Daysie Hall’s will made her sister “Mrs. Randolph Hicks of New York” the custodian of her two children “with full power of attorney to take care of their interests in the way she deems best.” In June 1930 Rose and her 60-year-old husband prepared to become parents for the first time. One thing was clear, Randolph Hicks could no longer afford to retire; the financial roller coaster that would plague even the most prosperous families during the 1930s had only just begun. Still, the Hickses were among the more fortunate Americans as they focused on their priorities for Jane and her college-age brother.
At forty-eight, Rose Hicks’s ebony hair had turned white but her large black eyes still intrigued new friends and intimidated others when she was displeased. She was a polished, well-read and well-traveled woman with a keen mind and unlimited curiosity. Her husband, a scholar of Latin, history and the law, appreciated her high standards and her intellect. And, she would tell her niece, “he loves me because I have a lot of character—he likes that better than anything else.” By the time they married — each for the second time–in 1919, Randolph Hicks had transferred his law practice to the prestigious firm of Satterlee, Canfield and Stone on Wall Street. Rose’s and Randolph’s social life was an extension of his work; they moved in exclusive circles among accomplished men and their prominent wives. (Herbert Satterlee’s wife, Louisa, was the eldest daughter of J.P. Morgan.)
An eminent trial lawyer, Randolph was also indispensable to his former partner, Arthur J. Morris, who had established the Morris Plan system of industrial banks that gave average Americans installment credit for the first time. Throughout Daysie Hall’s illness, he had done everything he could to support her and his niece and nephew: “The house in Virginia is gradually being built and when it is finished we shall expect to have you there, perhaps we may be able to find a horse for you.” He wrote to Jane as the finishing touches were being put on their new fieldstone home at Poplar Springs Farm in Fauquier County, Virginia.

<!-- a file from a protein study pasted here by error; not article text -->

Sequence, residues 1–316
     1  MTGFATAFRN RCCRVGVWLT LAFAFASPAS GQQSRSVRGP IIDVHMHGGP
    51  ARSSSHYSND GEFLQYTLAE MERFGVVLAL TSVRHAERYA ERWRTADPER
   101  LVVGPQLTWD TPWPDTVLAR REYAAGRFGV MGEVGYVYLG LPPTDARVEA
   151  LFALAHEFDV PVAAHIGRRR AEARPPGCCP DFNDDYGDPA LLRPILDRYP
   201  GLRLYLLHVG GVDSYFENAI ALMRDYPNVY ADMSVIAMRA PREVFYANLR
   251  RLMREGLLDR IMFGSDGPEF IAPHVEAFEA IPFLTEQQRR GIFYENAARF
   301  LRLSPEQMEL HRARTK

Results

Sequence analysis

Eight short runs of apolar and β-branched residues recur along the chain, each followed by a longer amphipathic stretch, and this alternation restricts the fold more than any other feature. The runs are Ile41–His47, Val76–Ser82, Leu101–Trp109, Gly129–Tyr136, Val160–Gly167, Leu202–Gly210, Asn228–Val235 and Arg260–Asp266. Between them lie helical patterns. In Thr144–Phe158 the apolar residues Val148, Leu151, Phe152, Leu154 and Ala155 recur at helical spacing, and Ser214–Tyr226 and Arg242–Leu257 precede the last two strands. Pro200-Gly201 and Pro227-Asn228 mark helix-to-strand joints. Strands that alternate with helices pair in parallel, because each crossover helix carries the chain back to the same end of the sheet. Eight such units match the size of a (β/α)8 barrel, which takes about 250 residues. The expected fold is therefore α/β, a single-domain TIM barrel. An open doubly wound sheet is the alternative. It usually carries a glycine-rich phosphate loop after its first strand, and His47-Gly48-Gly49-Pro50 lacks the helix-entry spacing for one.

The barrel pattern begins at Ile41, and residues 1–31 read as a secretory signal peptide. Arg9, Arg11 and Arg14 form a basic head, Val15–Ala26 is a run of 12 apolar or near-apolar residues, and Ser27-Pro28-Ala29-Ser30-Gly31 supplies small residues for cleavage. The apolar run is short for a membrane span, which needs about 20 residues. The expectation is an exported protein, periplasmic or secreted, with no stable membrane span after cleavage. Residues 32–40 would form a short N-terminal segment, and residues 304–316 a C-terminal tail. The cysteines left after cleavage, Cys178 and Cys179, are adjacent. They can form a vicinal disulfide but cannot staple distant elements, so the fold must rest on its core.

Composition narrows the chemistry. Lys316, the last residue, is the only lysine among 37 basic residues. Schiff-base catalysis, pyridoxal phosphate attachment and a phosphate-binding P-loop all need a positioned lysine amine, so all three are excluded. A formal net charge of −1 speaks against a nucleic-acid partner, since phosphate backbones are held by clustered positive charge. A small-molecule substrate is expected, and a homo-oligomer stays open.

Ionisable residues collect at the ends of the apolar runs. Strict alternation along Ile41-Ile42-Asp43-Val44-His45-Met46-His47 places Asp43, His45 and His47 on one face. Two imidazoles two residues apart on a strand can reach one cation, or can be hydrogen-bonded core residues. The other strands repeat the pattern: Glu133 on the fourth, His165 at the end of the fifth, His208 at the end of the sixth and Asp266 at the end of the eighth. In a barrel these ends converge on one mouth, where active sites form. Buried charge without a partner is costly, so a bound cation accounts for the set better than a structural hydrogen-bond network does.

Although Jane may not have known all the details of her uncle’s career or the full extent of her aunt’s plans for her, she was aware that her life was about to change dramatically. Over the next decade the question would be could she remain true to herself in this new world? Rose had asked if she had ever been out on a date without a chaperone. “Far from it,” Jane fired back. She’d never had a date at all. “Old ladies and old gentleman are my weakness.”
Rose would have to make sure that her free-spirited niece fit into the narrow slice of New York and Virginia society that she and her husband frequented. A private school for young ladies that fostered strong values and a sense of propriety might be just right for Jane’s last two years of high school. After all, she was unusually smart and eager to please — that would help.
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